In the latest action-packed thriller from #1 New York Times bestselling author Stuart Woods, Stone Barrington faces down a persistent rival.
Stone Barrington is nearing his New York City abode when he stumbles into trouble. As it turns out, a new client is in danger—and with both business and the safety of the city at stake, he has no choice but to get involved.
When it soon becomes clear that a complicated scheme is being hatched, Stone will need to use his expertise and connections to unravel the clever plot. Though the source remains unknown, it’s just a matter of time before he and Stone must each show their hands. From ritzy Manhattan high-rises to the lush serenity of the Connecticut countryside, the game of cat and mouse can end with only one victor….
At the outset of bestseller Woods's enjoyable 59th Stone Barrington novel, attorney Stone welcomes a new client, Shep Troutman, whom he first rescues from an assailant near his Manhattan townhouse. Shep, who's staying at the Carlyle Hotel and recently sold his family's design and manufacturing business for $260 million, needs Stone's advice. The morning after their meeting, Shep is mugged in Central Park. While Shep is being treated for minor injuries at the hospital, someone leaves the dead body of a prostitute in his apartment at the Carlyle. Shep finally admits to Stone that he suspects the shady buyer of the family business, Gregor Kronk, has reason to be dissatisfied and is behind the mayhem. Stone puts his own life in peril as he tries to protect Shep and fend off Kronk. Woods throws in more than one surprising twist and a tantalizing hint of future developments in Stone's relationship with his paramour, U.S. president Holly Barker. In the end, Stone devises a clever and fitting way to take care of Kronk. This is a good entry point for newcomers to this long-running series. Agent: Anne Sibbald, Janklow & Nesbit Assoc.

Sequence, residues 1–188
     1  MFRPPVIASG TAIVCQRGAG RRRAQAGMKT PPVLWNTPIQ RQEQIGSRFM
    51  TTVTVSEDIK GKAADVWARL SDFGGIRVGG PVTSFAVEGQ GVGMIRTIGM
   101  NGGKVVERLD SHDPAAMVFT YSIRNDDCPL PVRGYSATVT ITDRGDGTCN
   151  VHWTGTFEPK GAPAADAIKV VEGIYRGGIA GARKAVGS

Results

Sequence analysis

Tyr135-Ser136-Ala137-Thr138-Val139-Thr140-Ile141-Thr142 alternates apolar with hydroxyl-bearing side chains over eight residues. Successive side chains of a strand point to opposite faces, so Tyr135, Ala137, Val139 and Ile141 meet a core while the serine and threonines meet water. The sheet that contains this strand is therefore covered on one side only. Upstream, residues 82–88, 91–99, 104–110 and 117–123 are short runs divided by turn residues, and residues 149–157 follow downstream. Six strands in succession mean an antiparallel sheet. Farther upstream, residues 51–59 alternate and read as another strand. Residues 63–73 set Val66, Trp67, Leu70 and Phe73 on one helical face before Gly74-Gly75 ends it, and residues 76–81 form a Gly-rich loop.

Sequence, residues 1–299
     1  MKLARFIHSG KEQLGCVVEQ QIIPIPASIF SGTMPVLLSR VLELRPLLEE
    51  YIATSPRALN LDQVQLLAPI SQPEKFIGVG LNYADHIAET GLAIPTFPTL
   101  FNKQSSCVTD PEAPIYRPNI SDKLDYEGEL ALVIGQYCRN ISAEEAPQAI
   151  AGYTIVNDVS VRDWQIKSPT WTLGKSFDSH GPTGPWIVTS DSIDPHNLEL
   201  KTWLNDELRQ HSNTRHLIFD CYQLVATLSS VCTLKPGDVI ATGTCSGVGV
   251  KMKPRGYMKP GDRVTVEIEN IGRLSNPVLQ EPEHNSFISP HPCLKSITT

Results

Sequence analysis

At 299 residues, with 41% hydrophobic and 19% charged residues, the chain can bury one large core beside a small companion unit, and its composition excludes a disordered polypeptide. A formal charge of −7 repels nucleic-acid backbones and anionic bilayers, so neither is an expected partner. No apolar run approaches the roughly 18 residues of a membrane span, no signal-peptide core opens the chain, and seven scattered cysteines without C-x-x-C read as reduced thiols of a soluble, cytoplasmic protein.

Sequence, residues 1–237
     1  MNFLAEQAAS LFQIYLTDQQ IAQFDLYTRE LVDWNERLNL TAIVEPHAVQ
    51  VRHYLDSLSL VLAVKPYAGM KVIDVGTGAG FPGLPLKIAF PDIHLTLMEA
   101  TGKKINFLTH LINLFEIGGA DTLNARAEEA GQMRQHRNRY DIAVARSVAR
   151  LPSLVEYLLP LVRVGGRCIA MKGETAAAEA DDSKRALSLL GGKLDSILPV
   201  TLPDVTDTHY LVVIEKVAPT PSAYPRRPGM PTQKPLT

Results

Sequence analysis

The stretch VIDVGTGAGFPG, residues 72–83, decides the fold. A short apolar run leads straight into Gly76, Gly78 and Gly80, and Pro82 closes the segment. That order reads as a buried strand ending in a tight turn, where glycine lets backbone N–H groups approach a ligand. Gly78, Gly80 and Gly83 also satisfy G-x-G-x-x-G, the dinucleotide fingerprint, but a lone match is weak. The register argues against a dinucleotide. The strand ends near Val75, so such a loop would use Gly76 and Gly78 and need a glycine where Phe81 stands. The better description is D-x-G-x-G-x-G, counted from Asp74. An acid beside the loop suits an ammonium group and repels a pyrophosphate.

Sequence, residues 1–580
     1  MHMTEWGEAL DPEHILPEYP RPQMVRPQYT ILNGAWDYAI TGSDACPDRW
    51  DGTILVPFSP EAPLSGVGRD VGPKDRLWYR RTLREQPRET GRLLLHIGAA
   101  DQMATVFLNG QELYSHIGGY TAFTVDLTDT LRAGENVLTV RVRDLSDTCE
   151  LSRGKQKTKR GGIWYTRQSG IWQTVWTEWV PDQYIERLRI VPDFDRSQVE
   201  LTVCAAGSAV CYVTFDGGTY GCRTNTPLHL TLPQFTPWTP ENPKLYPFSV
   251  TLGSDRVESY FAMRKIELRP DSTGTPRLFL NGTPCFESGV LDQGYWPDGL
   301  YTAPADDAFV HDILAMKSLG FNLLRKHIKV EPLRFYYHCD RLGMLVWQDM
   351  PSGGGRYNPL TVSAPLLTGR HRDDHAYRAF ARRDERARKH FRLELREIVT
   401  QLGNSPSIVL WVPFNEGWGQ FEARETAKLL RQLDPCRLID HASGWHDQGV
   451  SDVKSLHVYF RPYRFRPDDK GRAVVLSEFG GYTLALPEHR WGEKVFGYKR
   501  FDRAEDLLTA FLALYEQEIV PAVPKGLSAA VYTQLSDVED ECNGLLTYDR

Very good read. Good plots and intrigue. A good ending, although a “Teddy Fay” type of ending would have been better.
Too much rehashing
Too many of his recent books borrow a plot or two, or five, from previous books and repackage them. Same old, same old. Not worth the money any longer sorry to say. Used to be the best.
so - so
not his best, too much emphasis on promiscuity & lighrweight plot